In Memoriam: 9/11 ten years later

Greetings, all.

This is a difficult post, because I don’t think I have words to adequately convey the feelings I have about this particular day in our collective history, but I don’t want this day to pass without saying something about it. I did not lose anyone in the horrible events of 9/11, but like all Americans who were old enough at the time to understand the significance and terrible consequences of what happened, I, too, lost a certain sense of self and “home” and safety. I am, after all, an American and 9/11 was an attack on me and my fellow Americans on American soil.

I was camping in northern California on that day 10 years ago. The man at the campsite next to mine had his radio on, loud. My camping companion walked past his campsite and came running back and told me to put the radio on in the truck, because something terrible had happened. I did, and after about 15 minutes, I tried to call my parents on my cell phone because they were supposed to fly that day, from Denver to Portland, Oregon. I couldn’t get through on my cell phone. I found a pay phone near the campground bathrooms and fortunately, I had an old calling card that I carried for emergencies, and I tried there, but it took a couple of times.

I reached my mom. They hadn’t flown after all, because all flights across the country were grounded. All I knew was that a jet had hit the World Trade Center and my mom told me that one of the towers had already collapsed, that there were two jets, and each one had hit a tower. She said there was a plane that hit the Pentagon, and another that went down in Pennsylvania and she was barely holding it together at that point. I hung up, and cried, and weirdly, I thought about the Trade Center bombing in 1993, and I thought that this was an act of war, yes, but also an act of terrorism, and then I thought about all the people I imagined were in the buildings the planes that hit, about the people who were on the planes, and the plane that had gone down in Pennsylvania, and I grieved for them, and for us as a collective nation.

We continued up the coast into Oregon, uneasy and scared, and completely uncertain how to react or what we could or should do. We stopped to give blood in a California town, thinking we needed to do SOMETHING, ANYTHING that would make us feel connected to all the people suffering in NYC and DC and Pennsylvania, that would make us feel like we were helping somehow, as absolutely trivial as that act was, and as absolutely helpless and insignificant as we felt. I didn’t see the films of what happened until about 3 days later, when we opted to stay in a motel one night. We cut the vacation short after that, and started driving back to New Mexico the next morning, finding NPR all the way home, saying nothing to each other, really, just listening all day and all night to the reports as we drove.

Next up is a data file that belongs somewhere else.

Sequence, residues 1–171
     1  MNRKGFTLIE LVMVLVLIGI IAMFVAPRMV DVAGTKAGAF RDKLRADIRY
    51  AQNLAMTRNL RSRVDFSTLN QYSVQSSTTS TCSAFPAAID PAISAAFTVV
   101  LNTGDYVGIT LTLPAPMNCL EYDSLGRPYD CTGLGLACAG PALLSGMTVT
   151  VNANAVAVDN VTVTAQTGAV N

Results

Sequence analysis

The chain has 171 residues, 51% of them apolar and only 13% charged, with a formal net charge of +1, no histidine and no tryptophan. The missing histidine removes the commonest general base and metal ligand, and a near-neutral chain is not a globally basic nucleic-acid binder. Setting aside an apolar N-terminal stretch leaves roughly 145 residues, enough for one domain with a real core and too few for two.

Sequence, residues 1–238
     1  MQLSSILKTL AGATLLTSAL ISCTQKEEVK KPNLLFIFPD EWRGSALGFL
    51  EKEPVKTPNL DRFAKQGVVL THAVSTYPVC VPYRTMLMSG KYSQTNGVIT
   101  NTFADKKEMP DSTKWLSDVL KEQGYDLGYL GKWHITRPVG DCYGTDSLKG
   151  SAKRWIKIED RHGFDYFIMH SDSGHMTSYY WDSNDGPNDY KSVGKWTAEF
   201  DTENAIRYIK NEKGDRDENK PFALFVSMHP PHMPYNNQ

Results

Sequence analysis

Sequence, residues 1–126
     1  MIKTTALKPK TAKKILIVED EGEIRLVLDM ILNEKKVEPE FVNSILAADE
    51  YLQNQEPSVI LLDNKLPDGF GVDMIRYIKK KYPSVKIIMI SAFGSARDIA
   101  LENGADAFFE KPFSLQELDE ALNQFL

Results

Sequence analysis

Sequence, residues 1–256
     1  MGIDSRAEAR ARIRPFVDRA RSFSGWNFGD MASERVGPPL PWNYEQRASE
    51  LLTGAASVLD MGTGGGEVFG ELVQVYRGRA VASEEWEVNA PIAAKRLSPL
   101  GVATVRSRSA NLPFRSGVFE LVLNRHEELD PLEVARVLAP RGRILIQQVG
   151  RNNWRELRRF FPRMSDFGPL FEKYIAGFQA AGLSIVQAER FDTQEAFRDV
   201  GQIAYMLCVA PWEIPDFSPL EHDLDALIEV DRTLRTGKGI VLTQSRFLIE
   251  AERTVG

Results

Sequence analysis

Ten years later, I still greet this day with unease and grief. I went to Ground Zero two years ago, and visited the church nearby that served as a response point for rescue workers and volunteers, and that still harbors photos and notes from relatives and friends and clothing of the ones who didn’t come back from the Towers, and I almost knew what it must have been like to be in New York that day, and how profoundly this event had altered not only the physical landscape, but the emotional as well.

I’m never able to truly sort through that day. I can’t even imagine how hard it is for those who lost loved ones or who were directly affected in some way by the events. And now, 10 years later, we all have our own way of grieving and remembering. Whatever it is you decide to do today — however you decide to commemorate this day — I hope it brings you some comfort and a bit of peace, something we could all use, ten years later.

Some links:
Make History, a collective telling of the events of 9/11, through the eyes of those who experienced it all around the world. You can add your own stories, and upload photos.

The 9/11 Memorial is opening today. Here’s the website. If you can, at some point in your life, I think it’s important to visit places like this.

YouTube and the New York Times collaborated to bring you a channel on YouTube to provide videos and photos to tell your stories about that day.

Here’s the 9/11 Memorial YouTube channel, again, where you can share your own stories or hear and see the stories of others.

3 thoughts on “In Memoriam: 9/11 ten years later

  1. Pingback: In Memorium: 9/11, ten years later « Women and Words

  2. Like you, I wanted to do something to commemorate this tenth anniversary, but this morning, I watched the coverage on television, honored the moment os silence for each devastating event, and wondered what I could say or do to mark this day. I found no words in me.
    Since that first September 11, I have had an uneasy relationship to ringing telephones, and to breaking news bulletins. I am always expecting bad news.
    I was at work that day. We had a TV in the conference room, and kept going back throughout the day to watch in silence.
    The ceremonies this morning brought back that uneasy feeling.
    There is something that impels us to share this event and our feelings about it, to seek each other out, to try to connect.

  3. Thank you for sharing your personal remembrance of 9/11. It seems important that we keep this memory close to us, and we can do that by sharing our stories. I was working from home that day. I watched the whole thing unfold on TV. I grieved again yesterday by watching the footage as it happened on MSNBC. It seems even more gut wrenching today than ten years ago. I think I was in too much shock on that day to grieve. Watching the live footage is my way of keeping the emotion tied to the memory. I don’t want to ever forget HOW it felt because that is what keeps us from becoming complacent

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